Interestingly, Shut Up And Play The Hits is made by the same people who made Blur’s reunion DVD, Dylan Southern and Will Lovelace. No Distance Left To Run is the antithesis of Shut Up And Play The Hits so it’s interesting to see the difference between a reunion documentary and a break-up documentary but the same emotional connection is maintained and the same type of slow motion intimate crowd shots are seen throughout SUAPTH. These give a clearer picture of the atmosphere at Madison Square Garden, something that would not have the same impact if mostly focused on the band playing and only rarely glancing at the sea of bobbing heads.

Even though the songs played live on Shut Up And Play The Hits are only a quarter of what LCD will have played that night, it gives a glimpse into what it felt like to be there, as the band and as the fans. There is really nothing to be criticised about this fitting tribute to a wonderful band that never set one foot wrong in their musical career. An emotional sight into the lead up to LCD Soundsystem’s break up and the various reasons that caused it to happen combined with concert footage that will make you want to dance yrself clean with someone great.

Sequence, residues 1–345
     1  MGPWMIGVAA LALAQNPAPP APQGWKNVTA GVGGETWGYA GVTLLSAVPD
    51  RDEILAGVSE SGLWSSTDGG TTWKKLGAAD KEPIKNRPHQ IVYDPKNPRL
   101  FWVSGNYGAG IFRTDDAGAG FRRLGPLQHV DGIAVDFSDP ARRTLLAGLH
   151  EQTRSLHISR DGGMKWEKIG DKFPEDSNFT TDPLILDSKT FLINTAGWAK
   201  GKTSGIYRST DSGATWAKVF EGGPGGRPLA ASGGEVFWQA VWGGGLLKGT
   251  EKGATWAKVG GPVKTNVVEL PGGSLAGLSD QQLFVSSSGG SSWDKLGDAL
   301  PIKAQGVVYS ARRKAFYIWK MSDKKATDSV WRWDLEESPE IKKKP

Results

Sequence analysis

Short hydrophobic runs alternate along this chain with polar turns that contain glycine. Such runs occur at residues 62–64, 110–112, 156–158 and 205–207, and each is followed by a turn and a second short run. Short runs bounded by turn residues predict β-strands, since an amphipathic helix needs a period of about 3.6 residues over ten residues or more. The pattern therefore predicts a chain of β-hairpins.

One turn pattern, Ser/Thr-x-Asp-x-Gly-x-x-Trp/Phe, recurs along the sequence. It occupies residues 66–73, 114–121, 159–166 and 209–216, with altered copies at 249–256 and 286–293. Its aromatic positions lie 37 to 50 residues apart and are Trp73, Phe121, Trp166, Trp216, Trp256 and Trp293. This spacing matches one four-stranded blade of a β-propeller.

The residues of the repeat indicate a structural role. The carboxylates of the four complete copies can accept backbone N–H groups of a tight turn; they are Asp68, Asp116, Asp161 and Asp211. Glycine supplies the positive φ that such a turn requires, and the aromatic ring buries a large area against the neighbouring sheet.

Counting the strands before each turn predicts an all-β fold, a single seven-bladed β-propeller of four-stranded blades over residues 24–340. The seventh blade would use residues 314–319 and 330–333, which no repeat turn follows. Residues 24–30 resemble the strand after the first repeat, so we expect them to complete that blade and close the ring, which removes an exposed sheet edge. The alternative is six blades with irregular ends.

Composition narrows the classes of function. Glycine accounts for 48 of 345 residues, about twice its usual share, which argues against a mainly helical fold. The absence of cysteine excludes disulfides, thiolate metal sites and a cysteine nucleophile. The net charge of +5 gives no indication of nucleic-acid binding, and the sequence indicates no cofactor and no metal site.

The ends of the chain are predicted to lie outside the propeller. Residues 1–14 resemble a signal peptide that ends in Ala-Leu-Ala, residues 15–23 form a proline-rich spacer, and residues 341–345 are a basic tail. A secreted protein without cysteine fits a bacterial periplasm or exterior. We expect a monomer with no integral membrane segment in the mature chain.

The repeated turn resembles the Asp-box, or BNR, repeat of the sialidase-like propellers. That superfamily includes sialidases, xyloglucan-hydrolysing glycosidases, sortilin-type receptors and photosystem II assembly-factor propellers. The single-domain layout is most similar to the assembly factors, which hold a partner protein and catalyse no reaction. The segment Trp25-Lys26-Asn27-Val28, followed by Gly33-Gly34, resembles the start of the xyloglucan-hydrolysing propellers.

Aurora Mitchell

Monday, 3 September 2012

Animal Collective - Centipede Hz

When watching a documentary about Sonic Youth a while ago, Thurston Moore mentioned that when they started out, you didn’t have to come up with a brilliant album on your first try and that has gradually changed over time. Whilst it has become clear that artists now have to deliver on their first release to succeed in a time when albums leak early (which Animal Collective have been victims of) and it’s harder to keep listeners attention – there are some bands who started off slow in the early 2000s including Liars, Ariel Pink and Animal Collective who have steadily built up a dedicated fan base and have all released eagerly-awaited albums this year that have followed up heavily hyped releases. As Merriweather Post Pavillion was such a milestone release for the experimental quartet, there is the unavoidable question as to whether the band can outdo themselves with their 9th album.